Ground Breaks on $14M Upscale Rental Retirement Community in Florida

Melbourne, Fla.--Work has gotten underway on Sonata at Melbourne, a 127-residence rental retirement community that will help fulfill a need for seniors housing.

By Barbra Murray, Contributing Writer

Melbourne, Fla.–Work has gotten underway on Sonata at Melbourne, a 127-residence rental retirement community in Melbourne, Fla. Sonata Health Care L.L.C. is the developer of the $14 million luxury apartment project.

Winter Park Construction is acting as general contractor for the development that will provide a continuum of care to occupants. In addition to the independent-living apartment units, the environmentally friendly property will provide assisted-living and memory-care assisted-living accommodations, all of which facilitate an age-in-place environment. Amenities at the community are indicative of the active lifestyle that a growing number of progressive seniors seek today. Offerings include a fitness and wellness center, bistro, spa, hair salon and library.

In Melbourne and surrounding areas, there is a market for property types like Melbourne at Sonata, which is located approximately one hour southeast from Orlando. “Aging baby boomers are utilizing these facilities because of their all-in-one convenience and comfortable lifestyle,” Jeff Forrest, president of Winter Park, notes in a statement. “With the first of the boomers reaching age 65 in 2011, seniors are by far the fastest growing population sector. Construction of new senior-living communities has been relatively flat over the past few years, and as a result, there is significant demand in certain markets for new retirement and assisted-living communities.”

According to Stephen M. Monroe, a partner with seniors housing data provider Irving Levin Associates Inc., the timing is right for the commencement of seniors housing projects, particularly continuing-care retirement communities like Sonata at Melbourne. “Florida was hit the worst in the housing collapse, so it will probably be one of the slowest to come back,” Monroe tells MHN. “A lot of seniors are seeing that their house that was worth $300,000 before the crisis is now worth $200,000, and that price may not go back up anytime soon. The elderly may not want to wait that long. A lot of seniors who would have sold their homes and rented an independent-living apartment a few years ago decided to delay the move for a few years and keep their houses. Now they’re three years older. We’ll begin to see some of the elderly say, ‘I’m tired of waiting.'”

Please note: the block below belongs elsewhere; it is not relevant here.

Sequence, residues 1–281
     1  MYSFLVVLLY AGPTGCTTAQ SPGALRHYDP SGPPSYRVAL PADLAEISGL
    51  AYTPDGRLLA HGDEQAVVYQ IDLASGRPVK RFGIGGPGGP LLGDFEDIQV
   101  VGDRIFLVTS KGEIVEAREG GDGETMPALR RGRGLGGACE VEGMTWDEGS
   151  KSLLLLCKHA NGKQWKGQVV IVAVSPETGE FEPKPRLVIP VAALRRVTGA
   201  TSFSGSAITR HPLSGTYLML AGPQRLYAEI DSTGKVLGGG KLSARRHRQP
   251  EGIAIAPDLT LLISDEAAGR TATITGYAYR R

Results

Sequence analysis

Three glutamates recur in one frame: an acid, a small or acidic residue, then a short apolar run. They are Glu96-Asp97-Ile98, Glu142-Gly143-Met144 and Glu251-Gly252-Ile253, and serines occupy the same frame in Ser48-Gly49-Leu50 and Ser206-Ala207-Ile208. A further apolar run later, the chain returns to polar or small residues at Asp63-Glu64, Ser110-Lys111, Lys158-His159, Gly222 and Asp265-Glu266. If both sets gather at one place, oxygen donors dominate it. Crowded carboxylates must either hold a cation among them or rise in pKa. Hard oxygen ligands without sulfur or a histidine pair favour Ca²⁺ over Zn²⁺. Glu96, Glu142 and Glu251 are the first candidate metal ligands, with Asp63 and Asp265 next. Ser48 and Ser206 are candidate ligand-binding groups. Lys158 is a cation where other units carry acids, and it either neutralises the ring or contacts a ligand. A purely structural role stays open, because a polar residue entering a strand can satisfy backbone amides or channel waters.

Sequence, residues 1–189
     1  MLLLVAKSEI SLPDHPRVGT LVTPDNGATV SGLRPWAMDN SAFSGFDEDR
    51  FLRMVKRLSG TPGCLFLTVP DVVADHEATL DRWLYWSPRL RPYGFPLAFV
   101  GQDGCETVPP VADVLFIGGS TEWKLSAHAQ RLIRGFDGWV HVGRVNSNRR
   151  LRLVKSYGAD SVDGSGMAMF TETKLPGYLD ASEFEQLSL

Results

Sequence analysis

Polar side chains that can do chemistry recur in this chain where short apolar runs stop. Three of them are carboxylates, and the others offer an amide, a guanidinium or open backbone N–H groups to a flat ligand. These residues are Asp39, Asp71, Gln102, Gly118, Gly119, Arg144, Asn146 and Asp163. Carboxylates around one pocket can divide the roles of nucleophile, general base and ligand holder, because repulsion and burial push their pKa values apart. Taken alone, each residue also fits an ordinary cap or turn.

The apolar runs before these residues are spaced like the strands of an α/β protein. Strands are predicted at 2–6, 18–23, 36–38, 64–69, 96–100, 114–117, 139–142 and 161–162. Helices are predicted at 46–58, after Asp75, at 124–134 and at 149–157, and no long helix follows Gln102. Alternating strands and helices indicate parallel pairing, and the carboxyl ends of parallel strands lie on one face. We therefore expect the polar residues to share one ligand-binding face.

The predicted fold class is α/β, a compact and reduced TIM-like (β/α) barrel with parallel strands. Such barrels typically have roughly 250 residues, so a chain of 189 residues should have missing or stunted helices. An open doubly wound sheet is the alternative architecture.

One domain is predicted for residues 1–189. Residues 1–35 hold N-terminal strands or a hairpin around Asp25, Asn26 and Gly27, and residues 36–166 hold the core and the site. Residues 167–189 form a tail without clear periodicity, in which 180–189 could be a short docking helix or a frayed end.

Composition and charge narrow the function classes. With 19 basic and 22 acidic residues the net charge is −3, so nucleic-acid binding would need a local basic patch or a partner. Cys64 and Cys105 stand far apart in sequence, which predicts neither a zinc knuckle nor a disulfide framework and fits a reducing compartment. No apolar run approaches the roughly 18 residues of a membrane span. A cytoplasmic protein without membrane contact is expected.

As more seniors decide to move forward with their postponed plans, and as the baby-boomer population grows older, the need for more seniors housing will increase. “There is going to be pent-up demand–generated by the downturn from 2008 through 2010–for properties that are going to open in 2012,” Monroe says. Sonata at Melbourne is scheduled to reach completion in 2012. Sonata Health Care also recently broke ground on Serenades at Sonata, a $4.1 million senior living retirement community in Longwood. The project marks Sonata Health Care’s debut.

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